The Continuing Adventures of Kaya, the Nez Perce American D

Kaya, the First, now has friends.  Yep, they’re multiplying.  There’s Kaya, the Second, who was requested by Granddaughter #1 and a cute representative of the Cherokee nation (not of the American Doll line) belonging to Granddaughter #3. These gals of ours love their dollies.  Must be genetic!?

Last year, Kaya, the First, found a home.  A homemade home but home nonetheless.  The   Queen of Doll Givers decided that over a $100 for teepee was a bit much, especially considering that there were 4 additional future mommies who might need the same thing.  (The Queen has since decided that each family gets a teepee, not each girl. Ahem.)

But Kaya and company did need transportation to get from their respective villages to wherever little Indian girls choose to go.  Therefore, horses were chosen as the cheapest best, not to mention, traditional mode of moving about.  Again, the American Doll company’s price tag for said conveyance was budget-busting, so alternative choices were considered.  Wally World won out…best price, best looking…but…they had plastic saddles. Alas no Indian-style saddles were available.

So the horse who-has-no-name found his place under the Christmas tree with a promise to make an Indian saddle with the help of its new owner.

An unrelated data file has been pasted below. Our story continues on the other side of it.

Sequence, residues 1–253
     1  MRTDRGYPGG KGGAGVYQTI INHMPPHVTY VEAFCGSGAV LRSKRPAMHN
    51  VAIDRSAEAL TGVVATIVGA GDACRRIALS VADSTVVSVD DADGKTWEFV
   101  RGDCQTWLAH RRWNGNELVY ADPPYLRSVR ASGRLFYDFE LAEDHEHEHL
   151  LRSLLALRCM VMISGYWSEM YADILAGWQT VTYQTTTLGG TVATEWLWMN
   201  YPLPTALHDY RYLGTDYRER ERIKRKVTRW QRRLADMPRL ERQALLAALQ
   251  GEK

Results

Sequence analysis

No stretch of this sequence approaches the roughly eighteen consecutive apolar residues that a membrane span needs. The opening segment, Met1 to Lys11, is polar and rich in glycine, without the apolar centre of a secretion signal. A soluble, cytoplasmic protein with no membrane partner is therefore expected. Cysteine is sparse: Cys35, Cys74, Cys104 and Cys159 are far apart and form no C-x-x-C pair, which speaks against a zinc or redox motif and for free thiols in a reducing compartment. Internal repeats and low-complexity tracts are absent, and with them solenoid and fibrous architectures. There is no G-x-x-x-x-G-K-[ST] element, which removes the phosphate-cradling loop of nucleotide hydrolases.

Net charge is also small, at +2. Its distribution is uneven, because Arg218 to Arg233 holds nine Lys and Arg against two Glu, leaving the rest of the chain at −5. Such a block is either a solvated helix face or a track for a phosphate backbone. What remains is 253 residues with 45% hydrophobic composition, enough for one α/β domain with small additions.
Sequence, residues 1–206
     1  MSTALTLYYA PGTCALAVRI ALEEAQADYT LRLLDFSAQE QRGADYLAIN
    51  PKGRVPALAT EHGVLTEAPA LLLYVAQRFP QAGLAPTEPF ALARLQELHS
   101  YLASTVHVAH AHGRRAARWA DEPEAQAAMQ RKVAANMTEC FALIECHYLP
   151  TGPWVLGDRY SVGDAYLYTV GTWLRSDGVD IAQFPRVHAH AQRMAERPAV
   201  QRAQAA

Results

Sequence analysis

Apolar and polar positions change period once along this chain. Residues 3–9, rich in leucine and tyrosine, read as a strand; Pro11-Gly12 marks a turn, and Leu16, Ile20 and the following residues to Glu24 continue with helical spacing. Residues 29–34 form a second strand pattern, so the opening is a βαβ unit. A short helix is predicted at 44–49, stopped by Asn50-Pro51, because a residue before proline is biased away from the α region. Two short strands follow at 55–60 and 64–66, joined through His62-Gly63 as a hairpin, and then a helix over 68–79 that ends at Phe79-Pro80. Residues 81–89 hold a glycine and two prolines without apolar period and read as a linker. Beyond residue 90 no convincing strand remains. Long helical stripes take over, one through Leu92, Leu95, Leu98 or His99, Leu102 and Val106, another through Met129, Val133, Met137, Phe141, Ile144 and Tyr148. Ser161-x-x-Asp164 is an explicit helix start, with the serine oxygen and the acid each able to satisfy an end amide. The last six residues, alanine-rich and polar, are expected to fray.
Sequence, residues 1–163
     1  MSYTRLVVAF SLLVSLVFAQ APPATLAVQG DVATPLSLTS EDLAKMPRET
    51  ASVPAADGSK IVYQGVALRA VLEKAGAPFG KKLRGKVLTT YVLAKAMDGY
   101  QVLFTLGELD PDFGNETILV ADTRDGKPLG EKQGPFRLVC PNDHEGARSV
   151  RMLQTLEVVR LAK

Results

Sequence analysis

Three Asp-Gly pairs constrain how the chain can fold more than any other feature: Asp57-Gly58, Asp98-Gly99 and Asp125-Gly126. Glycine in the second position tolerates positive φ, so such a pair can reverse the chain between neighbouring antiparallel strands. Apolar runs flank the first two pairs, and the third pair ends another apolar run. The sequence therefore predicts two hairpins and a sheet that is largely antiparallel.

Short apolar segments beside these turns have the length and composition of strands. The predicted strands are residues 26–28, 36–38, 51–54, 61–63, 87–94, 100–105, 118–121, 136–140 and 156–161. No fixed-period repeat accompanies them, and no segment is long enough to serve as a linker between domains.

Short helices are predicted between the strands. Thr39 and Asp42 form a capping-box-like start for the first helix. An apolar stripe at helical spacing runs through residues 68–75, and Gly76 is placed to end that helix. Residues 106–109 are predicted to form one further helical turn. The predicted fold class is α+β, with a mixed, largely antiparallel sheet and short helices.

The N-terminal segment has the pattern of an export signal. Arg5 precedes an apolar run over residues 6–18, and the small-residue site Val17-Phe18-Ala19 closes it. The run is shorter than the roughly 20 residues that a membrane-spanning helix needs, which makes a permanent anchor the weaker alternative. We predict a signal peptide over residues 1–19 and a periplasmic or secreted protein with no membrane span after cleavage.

Once the holiday dust settled and The Queen aka Meemaw had her wits about her, last year teepee remnants were retrieved, hit the internet for research and called the proud owner of the substitute steed to come over to assist in Saddlemaking 101.


So far, we have accomplished putting  a beaded saddle blanket together, along with a furry throw-over-the-saddle thing that looks authentic but probably isn’t (according to  research).  And also Kaya got a really nice necklace out the afternoon. Plus, we got one on one time that is rare!!  Win. Win.

However, we’re having trouble deciding how to proceed on the saddle frame, which was traditionally made of cottonwood saplings and the saddle horns made of elk or deer antlers.  Then a cushion made of buckskin and stuffed with grass or buffalo hair was made to make a ride on the saddle bearable!  Yikes!


Photo courtesy of the Nez Perce National Historic Park.

Photo courtesy of the Nez Perce National Historic Park.

And, I have to say, American Doll does do their research up right.  The saddle shown in their catalog of accessories for Kaya is exactly what Nez Perce Indian women rode back in the day.  Well, maybe not “exactly” but pretty darned close. And the woman did hang the cradleboards from the saddle horn with baby getting a great view of whatever trip was in store for him.  (We haven’t attempted the doll and cradleboard yet, but I think it’s a solid possibility?!)

This is what we’re going for…from the American Doll catalog:

American Doll Indian saddle


This is an antique Nez Perce woman’s saddle:

Nez Perce woman's saddle

And here’s a really old photograph that show lots and lots of detail on the horse’s entire get-up not to mention the classic garments worn by the unidentified woman.  Pretty fancy!


Photo courtesy of the Nez Perce National Historic Park.


Here’s what we have so far:

Kaya and her horse who-has-no-name's saddle blanket

Kaya wearing her new necklace and her horse who-has-no-name’s saddle blanket



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